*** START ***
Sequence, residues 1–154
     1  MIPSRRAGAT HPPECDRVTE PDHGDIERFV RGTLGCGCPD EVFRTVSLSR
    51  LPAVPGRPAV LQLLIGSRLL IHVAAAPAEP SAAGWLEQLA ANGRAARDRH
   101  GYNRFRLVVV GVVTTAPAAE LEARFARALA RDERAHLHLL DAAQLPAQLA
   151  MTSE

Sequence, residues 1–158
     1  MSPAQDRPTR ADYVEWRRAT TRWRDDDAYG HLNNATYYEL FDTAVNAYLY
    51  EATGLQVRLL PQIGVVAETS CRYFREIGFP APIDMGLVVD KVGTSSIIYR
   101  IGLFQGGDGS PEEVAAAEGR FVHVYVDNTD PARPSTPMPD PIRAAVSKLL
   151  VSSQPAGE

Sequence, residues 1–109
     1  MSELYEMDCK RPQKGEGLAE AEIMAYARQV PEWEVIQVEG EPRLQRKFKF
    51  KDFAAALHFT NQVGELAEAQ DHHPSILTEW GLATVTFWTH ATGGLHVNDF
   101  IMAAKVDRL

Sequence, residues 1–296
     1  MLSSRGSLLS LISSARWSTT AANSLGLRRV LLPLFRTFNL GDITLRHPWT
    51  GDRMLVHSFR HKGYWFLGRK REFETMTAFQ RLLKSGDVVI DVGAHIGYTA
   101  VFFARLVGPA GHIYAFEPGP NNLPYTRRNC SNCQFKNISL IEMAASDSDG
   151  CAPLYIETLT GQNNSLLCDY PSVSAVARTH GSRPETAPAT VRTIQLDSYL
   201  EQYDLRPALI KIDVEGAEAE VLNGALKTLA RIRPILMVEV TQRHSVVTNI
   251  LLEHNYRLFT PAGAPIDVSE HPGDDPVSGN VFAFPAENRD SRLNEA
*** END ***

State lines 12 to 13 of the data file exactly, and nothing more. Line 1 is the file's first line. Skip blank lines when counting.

     1  MSELYEMDCK RPQKGEGLAE AEIMAYARQV PEWEVIQVEG EPRLQRKFKF
    51  KDFAAALHFT NQVGELAEAQ DHHPSILTEW GLATVTFWTH ATGGLHVNDF